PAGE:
But I also think the holier than thou hypocrisy of many unionists in relation to ‘moral failure’ during the troubles is equally sickening to a nationalist community who knew only too well the truth about the corrosive sectarianism rampant in all strands of ‘Protestant Ulster.’

    Here’s a quote from a NI Judge in the Susan McKay Irish Times review of the Lethal Allies book in relation to four RUC murderers on trial for killing innocent Catholics:

    “He (the judge) understood the defendants felt that “more than ordinary police work was needed and was justified to rid the land of the pestilence which has been in existence.” They were “misguided but above all unfortunate”, and it was appropriate that he impose lesser sentences than would be applicable to terrorists. One of the astonished and grateful defendants cried out in the dock: “Praise the Lord!”

    This was a judge, remember. Undoubtedly a God faring unionist judge who displayed this sickeningly sectarian attitude despite knowing the four RUC men in the dock had murdered innocent Catholics.

    So to talk of moral failure in the province is to talk of people of all hues and backgrounds who were Christians only in name.

  • Barney

    “they put unionists off a unified Ireland more than anything in the south ever could.”
    There is nothing putting unionists off a united Ireland they just dont want it.

    Yer man above, the guy who ignores the openly fascist nature of Unionism ( an ethnocentric philosophy if ever there was one) while trying to compare SF to ethnocentric parties in Europe is totally deluded. Of course the flat earthists that constitute Unionism will never agree to share this island. That doesnt bode well for the future.

  • Republic of Connaught

    **trial was for attempted murder.

  • Charles_Gould

    Good blog post, Pete.

  • ThomasPaine

    I feel a great deal of embarrassment for anyone who draws a comparison between the seeking of independence of Ireland from England/the British Empire/the UK, and Scotland from the UK. I also feel extremely ashamed of our education system as well to allow such ignorance to persist in this day and age.

    Mainland Ulsterman, I just don’t know where to start.

    I won’t bother getting into a meaningless tit for tat argument about who done what first. Historical facts don’t seem that important to you as you ignore them willy-nilly. But needless to say England trying to control a land that didn’t belong to them, then taking land off native Catholics to give to protestant colonists, as well as the 1918 general election when only 25% of Irishmen voted to continue to be ruled directly from Westminster, only for the British government to cave in to the threat of Unionist terrorism and go against the results of a peaceful democratic election may be a starting point. Who knows? Perhaps if these acts were never carried out the vast majority of torture and murder this side of the Irish Sea may never have happened.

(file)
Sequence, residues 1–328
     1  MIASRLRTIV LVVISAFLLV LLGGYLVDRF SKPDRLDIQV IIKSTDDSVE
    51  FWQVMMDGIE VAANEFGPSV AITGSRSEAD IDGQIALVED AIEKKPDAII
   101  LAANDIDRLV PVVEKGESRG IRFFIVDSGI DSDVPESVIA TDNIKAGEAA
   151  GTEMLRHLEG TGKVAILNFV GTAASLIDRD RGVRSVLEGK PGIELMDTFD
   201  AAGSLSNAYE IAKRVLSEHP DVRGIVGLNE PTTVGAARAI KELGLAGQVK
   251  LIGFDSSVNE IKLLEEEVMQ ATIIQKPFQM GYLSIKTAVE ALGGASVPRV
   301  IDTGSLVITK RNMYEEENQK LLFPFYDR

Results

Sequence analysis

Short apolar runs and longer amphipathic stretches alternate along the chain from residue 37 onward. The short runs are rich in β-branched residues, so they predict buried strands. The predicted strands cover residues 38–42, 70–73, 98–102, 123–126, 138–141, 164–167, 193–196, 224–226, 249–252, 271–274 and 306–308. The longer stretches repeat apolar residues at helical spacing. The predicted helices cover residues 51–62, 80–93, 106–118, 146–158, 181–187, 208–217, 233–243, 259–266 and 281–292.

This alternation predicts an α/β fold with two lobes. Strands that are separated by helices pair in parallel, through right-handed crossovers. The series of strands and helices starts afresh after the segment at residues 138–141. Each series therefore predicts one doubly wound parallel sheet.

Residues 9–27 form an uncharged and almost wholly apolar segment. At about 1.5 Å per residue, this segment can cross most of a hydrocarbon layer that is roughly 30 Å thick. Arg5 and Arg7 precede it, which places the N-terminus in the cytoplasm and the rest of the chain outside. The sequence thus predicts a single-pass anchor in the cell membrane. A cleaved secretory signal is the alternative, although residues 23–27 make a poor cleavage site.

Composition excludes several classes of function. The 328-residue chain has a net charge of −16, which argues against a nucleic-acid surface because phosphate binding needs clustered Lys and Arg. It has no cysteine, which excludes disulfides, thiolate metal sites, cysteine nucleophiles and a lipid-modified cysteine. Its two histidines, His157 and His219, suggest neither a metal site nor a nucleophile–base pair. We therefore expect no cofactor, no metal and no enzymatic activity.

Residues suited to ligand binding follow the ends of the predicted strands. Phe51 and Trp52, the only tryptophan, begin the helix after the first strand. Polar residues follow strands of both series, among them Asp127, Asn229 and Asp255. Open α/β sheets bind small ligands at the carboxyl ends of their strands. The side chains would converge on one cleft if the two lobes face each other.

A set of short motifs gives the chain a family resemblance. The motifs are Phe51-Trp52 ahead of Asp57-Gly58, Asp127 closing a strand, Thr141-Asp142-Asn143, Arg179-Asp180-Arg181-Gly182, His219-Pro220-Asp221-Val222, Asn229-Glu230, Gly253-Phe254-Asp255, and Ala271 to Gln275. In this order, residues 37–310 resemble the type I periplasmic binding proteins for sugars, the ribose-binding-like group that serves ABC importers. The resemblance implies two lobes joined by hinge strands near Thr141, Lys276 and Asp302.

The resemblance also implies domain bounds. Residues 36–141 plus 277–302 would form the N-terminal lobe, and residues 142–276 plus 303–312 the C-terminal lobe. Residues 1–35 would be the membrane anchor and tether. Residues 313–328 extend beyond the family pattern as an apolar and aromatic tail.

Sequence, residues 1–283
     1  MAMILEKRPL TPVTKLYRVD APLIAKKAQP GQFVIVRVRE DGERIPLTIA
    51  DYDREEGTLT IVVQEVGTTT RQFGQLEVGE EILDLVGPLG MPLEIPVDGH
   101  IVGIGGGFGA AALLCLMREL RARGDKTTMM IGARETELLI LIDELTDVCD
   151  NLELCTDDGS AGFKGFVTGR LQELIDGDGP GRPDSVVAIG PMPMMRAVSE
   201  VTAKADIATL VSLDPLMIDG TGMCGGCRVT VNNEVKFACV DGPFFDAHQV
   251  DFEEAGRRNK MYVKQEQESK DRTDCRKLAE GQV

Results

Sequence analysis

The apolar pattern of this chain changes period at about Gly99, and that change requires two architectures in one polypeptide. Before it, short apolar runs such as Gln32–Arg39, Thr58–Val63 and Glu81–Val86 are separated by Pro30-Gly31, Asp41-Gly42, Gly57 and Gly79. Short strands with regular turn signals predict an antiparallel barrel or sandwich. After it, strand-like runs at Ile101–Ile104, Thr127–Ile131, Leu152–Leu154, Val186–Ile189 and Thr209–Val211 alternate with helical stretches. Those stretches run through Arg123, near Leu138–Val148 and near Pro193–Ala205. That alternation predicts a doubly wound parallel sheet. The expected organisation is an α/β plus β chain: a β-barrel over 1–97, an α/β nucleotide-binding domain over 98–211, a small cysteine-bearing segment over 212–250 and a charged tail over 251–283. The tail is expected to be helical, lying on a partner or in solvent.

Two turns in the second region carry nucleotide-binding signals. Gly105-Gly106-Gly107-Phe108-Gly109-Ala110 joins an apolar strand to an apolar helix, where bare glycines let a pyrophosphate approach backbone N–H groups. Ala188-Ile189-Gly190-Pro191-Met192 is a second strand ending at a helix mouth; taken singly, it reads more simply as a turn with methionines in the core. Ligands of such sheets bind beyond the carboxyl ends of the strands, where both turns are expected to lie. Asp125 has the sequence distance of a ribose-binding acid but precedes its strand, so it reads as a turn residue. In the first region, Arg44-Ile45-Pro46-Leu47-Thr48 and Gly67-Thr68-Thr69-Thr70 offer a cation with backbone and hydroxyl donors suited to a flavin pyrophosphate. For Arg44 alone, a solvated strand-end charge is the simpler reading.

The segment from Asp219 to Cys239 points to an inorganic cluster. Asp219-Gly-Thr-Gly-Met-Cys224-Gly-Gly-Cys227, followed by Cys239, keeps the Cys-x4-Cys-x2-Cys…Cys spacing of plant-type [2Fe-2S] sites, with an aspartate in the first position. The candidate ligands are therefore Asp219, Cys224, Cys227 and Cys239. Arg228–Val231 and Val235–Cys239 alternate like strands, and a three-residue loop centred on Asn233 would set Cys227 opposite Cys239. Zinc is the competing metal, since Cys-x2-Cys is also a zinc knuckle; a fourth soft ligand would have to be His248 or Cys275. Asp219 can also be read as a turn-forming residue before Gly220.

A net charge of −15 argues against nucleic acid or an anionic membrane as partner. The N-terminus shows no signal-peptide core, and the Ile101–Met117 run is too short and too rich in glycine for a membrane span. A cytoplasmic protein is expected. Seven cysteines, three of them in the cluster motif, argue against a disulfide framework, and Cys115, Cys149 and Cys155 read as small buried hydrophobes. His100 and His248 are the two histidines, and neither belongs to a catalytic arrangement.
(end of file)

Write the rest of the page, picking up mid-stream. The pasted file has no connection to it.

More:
But I do want to point out a few political facts so that in the future maybe you won’t humiliate yourself as badly as you have done here.

    You stated the following:

    “If you substitute “Golden Dawn” or “BNP” for Sinn Fein, you may start to understand why many of us take voting for SF as such an insult.

    The only difference between these three ethnic chauvinistic, ultra-nationalist political movements being, the former two have killed way fewer people.”

    Now far be it from me to defend SF, but what you have said here is so remarkably wrong on so many levels it beggars belief that it could be typed by someone with even the merest hint of modern political knowledge.

    First of all, you do understand that both the BNP and Golden Dawn are extreme right wing, don’t you? While SF’s roots are steeped in socialism and influence by Marx. That much is clear to you, right? So there at least is one difference.

    You say that SF, like the two aforementioned fascist party’s, is ethnically chauvinistic. Can you give any evidence that shows any SF member stating just how ethnically superior whites are over blacks? Or how superior Catholics are over protestants? Or how superior the Irish are to the British or any other nationality? Any shred of evidence you can muster will suffice.

    It is one thing to disagree with SF’s political policies. I know I do.

    And it is perfectly fine to despise how they sought to bring about their political aims, but to accuse them of being extreme right wing neo-Nazi’s is quite pathetic. It may not suit your narrow minded view on political parties and your obvious bitterness, but SF nor any Irish Republican group has ever thought themselves superior, just different. They just want independence, to rule themselves, to not have intervention from a foreign force. Hence the name “we ourselves.”